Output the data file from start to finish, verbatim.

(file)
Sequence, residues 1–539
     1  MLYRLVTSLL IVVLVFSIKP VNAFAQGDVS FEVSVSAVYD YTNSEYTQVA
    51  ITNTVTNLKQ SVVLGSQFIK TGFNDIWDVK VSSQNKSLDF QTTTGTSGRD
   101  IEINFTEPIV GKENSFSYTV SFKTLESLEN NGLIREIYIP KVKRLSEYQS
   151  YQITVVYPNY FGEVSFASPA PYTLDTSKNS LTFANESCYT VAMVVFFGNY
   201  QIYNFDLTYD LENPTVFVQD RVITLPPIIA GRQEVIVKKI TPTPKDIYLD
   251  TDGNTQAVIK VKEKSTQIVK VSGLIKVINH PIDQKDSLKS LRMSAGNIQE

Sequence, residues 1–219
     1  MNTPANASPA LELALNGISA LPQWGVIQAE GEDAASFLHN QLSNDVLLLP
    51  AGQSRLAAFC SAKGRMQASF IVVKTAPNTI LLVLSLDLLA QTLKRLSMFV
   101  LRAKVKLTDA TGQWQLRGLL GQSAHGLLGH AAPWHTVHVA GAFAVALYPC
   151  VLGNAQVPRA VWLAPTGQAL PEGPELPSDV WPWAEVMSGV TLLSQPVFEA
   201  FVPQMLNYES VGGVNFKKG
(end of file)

Sequence, residues 1–539
     1  MLYRLVTSLL IVVLVFSIKP VNAFAQGDVS FEVSVSAVYD YTNSEYTQVA
    51  ITNTVTNLKQ SVVLGSQFIK TGFNDIWDVK VSSQNKSLDF QTTTGTSGRD
   101  IEINFTEPIV GKENSFSYTV SFKTLESLEN NGLIREIYIP KVKRLSEYQS
   151  YQITVVYPNY FGEVSFASPA PYTLDTSKNS LTFANESCYT VAMVVFFGNY
   201  QIYNFDLTYD LENPTVFVQD RVITLPPIIA GRQEVIVKKI TPTPKDIYLD
   251  TDGNTQAVIK VKEKSTQIVK VSGLIKVINH PIDQKDSLKS LRMSAGNIQE

Sequence, residues 1–219
     1  MNTPANASPA LELALNGISA LPQWGVIQAE GEDAASFLHN QLSNDVLLLP
    51  AGQSRLAAFC SAKGRMQASF IVVKTAPNTI LLVLSLDLLA QTLKRLSMFV
   101  LRAKVKLTDA TGQWQLRGLL GQSAHGLLGH AAPWHTVHVA GAFAVALYPC
   151  VLGNAQVPRA VWLAPTGQAL PEGPELPSDV WPWAEVMSGV TLLSQPVFEA
   201  FVPQMLNYES VGGVNFKKG